Medieval Gothic cathedrals shared in the same relative traits. As organized civilizations grouped together in communities gothic cathedrals sprang up to form pillars in the community. They acted in uniting work for a common goal and as a social meeting place. The construction goal of reaching towards the heavens through height and the shaping of illumination with a divine concept displayed the foundation of gothic architecture. The inspiration for these structures came from the observation of Constantinople’s monumental architecture. The latent meaning came about as a response to the Muslim overtaking of the Holy Lands and the failed crusades to retake them.
The most common similarity is the cross shape design of the floor plan with emphasis on axial design. The common design concept was to shape illumination through the height of windows and the colors of stained glass. Elaborately designed mullions shaped light as it entered the window and was cast upon stone displaying the texture and the firmness of the stacked pillars. In order for the height of windows to increase the structure’s height had to increase monumentally. This in turn presented a problem with firmness and adaptations were made. The flying buttress was a reaction to the firmness dilemma and was used to support the height of the cathedrals. The flying buttress and the general buttress were adaptations of the Roman arch. Instead of holding horizontal weight above the arch, as in the Roman aqueducts, the arch is split in halves and propped against vertical elements to diffuse vertical stress from the height of columns. The general history of the buttress can be traced back to the Egyptian columns in Queen Hatshepsut’s temple. Another concept was the large towers used as symbolizations of reaching towards the heavens. A comparison can be made relating the dominance of the towers to surrounding buildings and to the dominance of the wu-wu’s displayed in the Roman Empire. Due to the height dominance of the wu-wu the cathedral can be viewed from every part of the city providing a reminder of the unification of community under faith through architecture.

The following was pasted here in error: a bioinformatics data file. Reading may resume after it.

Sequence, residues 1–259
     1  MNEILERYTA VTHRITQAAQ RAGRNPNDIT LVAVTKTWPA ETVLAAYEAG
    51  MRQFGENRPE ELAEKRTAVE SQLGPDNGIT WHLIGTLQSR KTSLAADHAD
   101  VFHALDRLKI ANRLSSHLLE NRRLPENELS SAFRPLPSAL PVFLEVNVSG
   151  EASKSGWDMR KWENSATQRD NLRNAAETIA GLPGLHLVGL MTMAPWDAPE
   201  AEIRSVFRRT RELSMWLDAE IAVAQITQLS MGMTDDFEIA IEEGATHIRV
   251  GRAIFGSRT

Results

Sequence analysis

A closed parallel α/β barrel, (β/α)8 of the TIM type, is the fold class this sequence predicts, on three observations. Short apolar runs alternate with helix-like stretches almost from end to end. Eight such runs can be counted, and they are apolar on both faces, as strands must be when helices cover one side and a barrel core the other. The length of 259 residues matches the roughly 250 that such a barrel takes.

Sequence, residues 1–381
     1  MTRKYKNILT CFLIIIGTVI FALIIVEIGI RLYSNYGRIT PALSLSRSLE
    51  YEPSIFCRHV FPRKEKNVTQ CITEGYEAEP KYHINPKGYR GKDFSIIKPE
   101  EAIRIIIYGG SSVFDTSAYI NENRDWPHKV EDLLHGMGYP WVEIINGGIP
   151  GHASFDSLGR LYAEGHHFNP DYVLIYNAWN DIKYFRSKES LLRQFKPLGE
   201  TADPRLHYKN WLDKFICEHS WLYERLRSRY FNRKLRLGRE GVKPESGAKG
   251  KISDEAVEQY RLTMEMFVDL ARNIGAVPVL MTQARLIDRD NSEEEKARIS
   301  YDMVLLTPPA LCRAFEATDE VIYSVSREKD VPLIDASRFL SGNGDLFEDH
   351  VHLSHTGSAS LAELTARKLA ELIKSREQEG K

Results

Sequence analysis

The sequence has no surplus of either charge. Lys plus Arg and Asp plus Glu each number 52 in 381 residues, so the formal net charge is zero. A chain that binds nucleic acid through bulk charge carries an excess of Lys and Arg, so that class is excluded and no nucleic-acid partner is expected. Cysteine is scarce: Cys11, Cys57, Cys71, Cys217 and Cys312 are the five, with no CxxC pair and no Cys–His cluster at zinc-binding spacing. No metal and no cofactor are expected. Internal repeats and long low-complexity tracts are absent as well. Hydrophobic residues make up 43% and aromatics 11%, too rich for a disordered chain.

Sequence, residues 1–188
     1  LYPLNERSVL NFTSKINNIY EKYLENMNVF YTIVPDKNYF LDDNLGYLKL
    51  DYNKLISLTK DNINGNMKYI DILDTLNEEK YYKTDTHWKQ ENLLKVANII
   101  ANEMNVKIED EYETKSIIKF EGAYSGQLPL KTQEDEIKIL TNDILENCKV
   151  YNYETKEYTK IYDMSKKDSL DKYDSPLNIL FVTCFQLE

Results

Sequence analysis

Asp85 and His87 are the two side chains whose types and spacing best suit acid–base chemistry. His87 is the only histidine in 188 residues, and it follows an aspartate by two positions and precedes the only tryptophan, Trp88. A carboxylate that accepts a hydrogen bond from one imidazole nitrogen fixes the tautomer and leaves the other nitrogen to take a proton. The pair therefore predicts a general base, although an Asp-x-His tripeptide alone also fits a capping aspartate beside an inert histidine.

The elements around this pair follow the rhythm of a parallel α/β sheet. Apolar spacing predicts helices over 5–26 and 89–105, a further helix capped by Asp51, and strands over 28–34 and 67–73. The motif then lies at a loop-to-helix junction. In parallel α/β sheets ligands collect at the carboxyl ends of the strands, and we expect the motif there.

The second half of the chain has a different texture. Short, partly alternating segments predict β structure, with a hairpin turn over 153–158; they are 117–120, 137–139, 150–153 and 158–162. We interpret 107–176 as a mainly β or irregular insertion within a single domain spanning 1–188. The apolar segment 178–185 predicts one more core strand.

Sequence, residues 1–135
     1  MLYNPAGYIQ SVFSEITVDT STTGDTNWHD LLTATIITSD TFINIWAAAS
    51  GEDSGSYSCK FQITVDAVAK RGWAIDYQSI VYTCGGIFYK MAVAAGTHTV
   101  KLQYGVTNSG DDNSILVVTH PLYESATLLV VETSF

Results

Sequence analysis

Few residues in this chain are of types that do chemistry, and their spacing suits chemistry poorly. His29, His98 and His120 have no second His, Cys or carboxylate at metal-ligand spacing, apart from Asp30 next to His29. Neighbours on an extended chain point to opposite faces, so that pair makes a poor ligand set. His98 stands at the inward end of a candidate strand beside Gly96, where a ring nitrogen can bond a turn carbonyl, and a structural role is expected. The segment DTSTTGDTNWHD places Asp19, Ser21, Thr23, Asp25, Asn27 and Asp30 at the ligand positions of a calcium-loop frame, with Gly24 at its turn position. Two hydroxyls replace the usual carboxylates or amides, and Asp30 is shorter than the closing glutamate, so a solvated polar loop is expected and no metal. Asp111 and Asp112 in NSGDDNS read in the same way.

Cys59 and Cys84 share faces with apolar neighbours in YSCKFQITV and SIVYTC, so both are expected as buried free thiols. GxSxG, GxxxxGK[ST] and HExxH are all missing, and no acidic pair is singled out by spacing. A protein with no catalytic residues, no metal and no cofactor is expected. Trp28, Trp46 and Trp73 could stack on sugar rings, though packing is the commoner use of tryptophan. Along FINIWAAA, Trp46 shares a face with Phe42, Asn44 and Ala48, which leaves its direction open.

Organized civilization expanded farther apart resulting in differences between cathedrals. Salisbury cathedral in England stressed horizontal lines through lateral extension. Notre Dame in Amiens focused upon vertical lines. Amiens choir grew in size forcing the transepts towards the center and creating different widths between the nave and the choir. The Salisbury Cathedral had a flat stained glass curtain wall instead of a rounded chapel on the east end. Salisbury is just as long as Amiens but not as wide. The Gothic cathedral at Cologne had two towers at the opening of the nave in contrast with Salisbury which originally had no tower until the end of the fourteenth century when one was added at the central intersection. Notre Dame at Amiens shared both characteristics of a centralized tower and southern towers. The Duomo cathedral in Florence has a tower at the entrance to the nave but differs from the others in that it has a large dome in the center.
The cathedrals mimic Constantinople architecture in different ways. But perhaps draw the emphasis on size from the early medieval towns in that there was a great wall around towns to protect the communal interior from outside predators. Perhaps the size protects the interior space of the cathedral as well as an adaption to the necessity of illumination. The interior space has the importance of communal holiness and the size of structure that defines and protects the space needed to be just as grand and important. The demonstration of hierarchy is noted here in that social organization is of importance to weaving society together.